Parenteral Packages Need Specific Tests for Extractables

Parenteral packaging undergoes scrutiny as FDA seeks information on extractables and drug-package interaction.


by Erik Swain, Senior Editor

Potential interaction between the drug product and the package has always been an important issue for parenterals. Never has it been more crucial than it is currently, as FDA is demanding more and more information about each and every packaging component and its potential to interact with the drug.

Interaction happens mainly in two ways. Extractables from the package can get into the drug product, causing contamination. Or the drug can be absorbed by the package, causing the package to compromise its barrier properties or the drug to lose some of its potency.

An operator at West Pharmaceutical Services uses a liquid chromatograph to detect organic compounds in a drug container.

FDA in June 1999 published a guidance, "Container Closure Systems for Packaging Human Drugs and Biologics," that outlined what information about packaging is needed for a new drug application. For parenterals, the document outlined what kinds of tests must be performed to show that interaction is not a problem.

Since then, the issue has been reinforced by the agency in a draft guidance on stability and a final guidance on post-approval changes. And it is sure to be elaborated upon with regard to making changes in the near future as work begins on PACPAC, the packaging edition of FDA's Scale-Up and Post-Approval Changes (SUPAC) guidances.

The stakes for suppliers could be significant. Those who create components that offer less risk of interacting with drug products, and those who can provide services to customers to help them assess the issue, stand to benefit.


The guidance is expected to have the biggest impact on extractable testing, which determines which extractables may occur as a result of using a particular packaging component, and what kind of effect these extractables may have on a drug product.

Most drug manufacturers already perform two general tests, USP 661 for plastics and USP 381 for elastomers. But the container closure guidance now mandates more-specific tests in addition to those. (USP 381 is itself being revised.)


Fran DeGrazio, vice president of global technical support at West Pharmaceutical Services (Lionville, PA), says she has noticed in recent years that FDA was asking her customers for more information on extractables from specific packaging components. The guidance codifies this, but also goes beyond it, she says. "Not only are they looking for the uniqueness of extractables from a specific rubber formulation, but they're looking for a unique extractable within a customer's specific drug product or placebo," she says. "That's not something you can generate by running a standard solvent."

While the manufacturer can easily provide a list of each component's extractables, the agency wants an analysis of what extractables exist when the packaging material interacts with the specific drug product. That requires extra testing. Liquid or gas chromatography is the usual method.

Vial and bottle stoppers, such as these from American Stelmi Corp., can be supplied ready to sterilize.

"Obtaining this information will not necessarily require different testing equipment, but different methods," DeGrazio says. "Looking for specific extractables from a packaging component is totally different from doing a drug assay analysis, but both utilize liquid chromatography. There will be some additional expense associated with doing the additional testing, which for the most part was not carried out by end-users. The key thing is that budgeting for testing be built into the stability and qualification studies of the closure and the final drug package. I've had discussions with customers who did not realize the need for this until late in the product development cycle."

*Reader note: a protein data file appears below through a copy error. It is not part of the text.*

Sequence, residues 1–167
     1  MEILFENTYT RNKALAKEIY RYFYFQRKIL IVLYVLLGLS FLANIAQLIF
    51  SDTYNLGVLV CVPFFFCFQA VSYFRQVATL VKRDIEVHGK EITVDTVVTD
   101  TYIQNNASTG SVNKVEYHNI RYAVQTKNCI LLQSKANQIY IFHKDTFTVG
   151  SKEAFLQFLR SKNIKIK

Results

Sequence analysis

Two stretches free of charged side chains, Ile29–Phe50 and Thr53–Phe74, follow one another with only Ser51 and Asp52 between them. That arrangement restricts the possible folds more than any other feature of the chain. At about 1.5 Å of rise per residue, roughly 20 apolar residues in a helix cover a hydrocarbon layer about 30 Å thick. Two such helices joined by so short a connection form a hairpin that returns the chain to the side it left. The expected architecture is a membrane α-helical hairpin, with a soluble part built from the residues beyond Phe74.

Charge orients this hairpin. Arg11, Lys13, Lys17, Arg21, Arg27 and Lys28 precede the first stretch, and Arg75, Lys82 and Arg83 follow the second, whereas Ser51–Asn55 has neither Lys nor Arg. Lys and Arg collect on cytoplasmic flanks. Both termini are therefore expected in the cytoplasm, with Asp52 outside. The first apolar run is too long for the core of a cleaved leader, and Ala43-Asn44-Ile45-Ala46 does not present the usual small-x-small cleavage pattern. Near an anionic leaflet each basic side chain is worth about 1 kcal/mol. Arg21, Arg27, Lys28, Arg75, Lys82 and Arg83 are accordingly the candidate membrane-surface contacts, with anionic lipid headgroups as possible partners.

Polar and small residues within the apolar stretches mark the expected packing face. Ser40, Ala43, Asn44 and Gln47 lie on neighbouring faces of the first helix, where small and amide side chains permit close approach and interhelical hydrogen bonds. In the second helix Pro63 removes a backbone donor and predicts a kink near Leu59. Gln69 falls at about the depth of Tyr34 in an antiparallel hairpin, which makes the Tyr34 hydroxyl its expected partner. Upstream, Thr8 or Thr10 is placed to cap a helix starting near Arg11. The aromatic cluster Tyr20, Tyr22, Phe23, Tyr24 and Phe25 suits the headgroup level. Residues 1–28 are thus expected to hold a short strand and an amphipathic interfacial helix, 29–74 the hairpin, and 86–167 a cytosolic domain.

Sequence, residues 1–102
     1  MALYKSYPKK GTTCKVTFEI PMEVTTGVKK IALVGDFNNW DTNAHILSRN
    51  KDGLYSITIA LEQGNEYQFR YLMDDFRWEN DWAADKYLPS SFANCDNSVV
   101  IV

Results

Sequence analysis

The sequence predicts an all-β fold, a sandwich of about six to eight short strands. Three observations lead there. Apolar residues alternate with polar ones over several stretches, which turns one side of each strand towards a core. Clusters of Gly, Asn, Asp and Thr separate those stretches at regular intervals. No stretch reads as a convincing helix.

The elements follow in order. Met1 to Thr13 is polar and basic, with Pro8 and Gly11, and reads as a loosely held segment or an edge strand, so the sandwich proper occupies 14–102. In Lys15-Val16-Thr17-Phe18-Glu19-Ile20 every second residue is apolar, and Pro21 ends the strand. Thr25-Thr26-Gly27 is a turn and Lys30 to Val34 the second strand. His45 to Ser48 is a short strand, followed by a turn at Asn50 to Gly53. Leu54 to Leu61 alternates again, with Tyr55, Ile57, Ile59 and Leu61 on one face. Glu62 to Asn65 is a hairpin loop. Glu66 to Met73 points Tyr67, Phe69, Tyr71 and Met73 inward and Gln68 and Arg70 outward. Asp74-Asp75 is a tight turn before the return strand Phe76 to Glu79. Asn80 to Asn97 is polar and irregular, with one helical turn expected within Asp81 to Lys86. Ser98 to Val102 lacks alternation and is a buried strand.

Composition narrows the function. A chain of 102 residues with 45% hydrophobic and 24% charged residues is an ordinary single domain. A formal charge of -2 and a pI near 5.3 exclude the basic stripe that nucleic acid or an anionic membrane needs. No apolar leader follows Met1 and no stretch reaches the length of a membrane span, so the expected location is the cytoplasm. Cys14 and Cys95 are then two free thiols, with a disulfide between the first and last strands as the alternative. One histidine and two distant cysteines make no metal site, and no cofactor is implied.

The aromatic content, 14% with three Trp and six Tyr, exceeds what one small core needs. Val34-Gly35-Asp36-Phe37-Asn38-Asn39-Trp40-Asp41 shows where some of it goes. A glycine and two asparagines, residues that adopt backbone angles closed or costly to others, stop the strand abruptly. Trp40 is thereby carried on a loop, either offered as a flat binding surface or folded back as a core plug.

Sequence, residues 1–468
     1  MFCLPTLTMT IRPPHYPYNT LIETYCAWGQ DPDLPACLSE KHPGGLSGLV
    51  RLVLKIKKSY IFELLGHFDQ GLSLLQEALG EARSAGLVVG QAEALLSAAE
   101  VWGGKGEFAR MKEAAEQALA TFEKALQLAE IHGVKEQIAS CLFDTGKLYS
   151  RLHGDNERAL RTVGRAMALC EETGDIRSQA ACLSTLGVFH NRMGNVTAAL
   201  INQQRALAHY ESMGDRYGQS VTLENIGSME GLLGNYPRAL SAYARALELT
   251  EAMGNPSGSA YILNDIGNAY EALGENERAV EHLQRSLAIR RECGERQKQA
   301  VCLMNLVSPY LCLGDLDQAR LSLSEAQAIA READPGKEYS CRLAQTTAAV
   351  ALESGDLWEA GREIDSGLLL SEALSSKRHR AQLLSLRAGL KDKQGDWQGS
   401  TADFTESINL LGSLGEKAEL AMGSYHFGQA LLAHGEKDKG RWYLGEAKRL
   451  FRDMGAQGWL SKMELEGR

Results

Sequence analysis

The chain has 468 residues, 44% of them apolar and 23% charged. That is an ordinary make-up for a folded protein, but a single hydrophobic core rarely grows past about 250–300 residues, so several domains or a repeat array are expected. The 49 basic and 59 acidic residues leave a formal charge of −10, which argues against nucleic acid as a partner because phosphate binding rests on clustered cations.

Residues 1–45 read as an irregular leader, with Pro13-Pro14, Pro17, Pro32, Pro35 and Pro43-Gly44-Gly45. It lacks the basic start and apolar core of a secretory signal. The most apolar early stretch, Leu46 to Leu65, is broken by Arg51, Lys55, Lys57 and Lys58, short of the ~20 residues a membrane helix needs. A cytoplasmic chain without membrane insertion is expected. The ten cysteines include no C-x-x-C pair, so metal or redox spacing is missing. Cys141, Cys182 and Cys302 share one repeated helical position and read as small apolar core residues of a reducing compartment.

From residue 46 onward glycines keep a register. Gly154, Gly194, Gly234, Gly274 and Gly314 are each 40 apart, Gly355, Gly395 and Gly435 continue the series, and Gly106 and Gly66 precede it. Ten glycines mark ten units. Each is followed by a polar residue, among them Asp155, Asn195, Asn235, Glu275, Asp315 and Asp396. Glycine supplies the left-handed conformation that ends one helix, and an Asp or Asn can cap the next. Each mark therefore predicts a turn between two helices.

While the mandate may surprise many at first, in the long run its impact promises to be positive.

"I see it helping organize the way packaging is considered in drug applications," says Roger Asselta, manager of parenteral package development, Comar Inc. (Buena, NJ). "We as packaging suppliers will be able to answer questions from our pharmaceutical customers more completely and earlier in the process."

Also, it is very important, says biopharmaceutical product development consultant John A. Bontempo, PhD (East Brunswick, NJ), that biopharmaceutical companies understand the functions of excipients in terms of their interactions with the active substance and the packaging materials. "The stabilization of many new substances, such as proteins, peptides, and monoclonal antibodies, requires specific excipients, which are well documented in literature, to impart desirable shelf life," he says. "Therefore, the selection of excipients in a formulation has the ultimate specific function with the active substance to ensure and retain its effectiveness during manufacturing, shipping, storage, and usage.

"There is a limited selection of excipients acceptable for parenteral formulations," he continues. "Consequently, when initial preformulations are designed for new drug development, only approved excipients from International Pharmaceutical Excipient Council (IPEC), U.S. Pharmacopeia (USP), and FDA should be used. If other excipients are used they may require considerable regulatory review for acceptable use.

"Initially," he explains, "several preformulations should be designed to determine what excipients are needed, or not needed, to yield potential preformulation candidates for further development. Preformulation is a 'must' requirement to ensure that a potential formulation may arise for marketability. Shortcuts are costly. Management should be advised to do it right the first time, because perhaps that could speed up the drug development."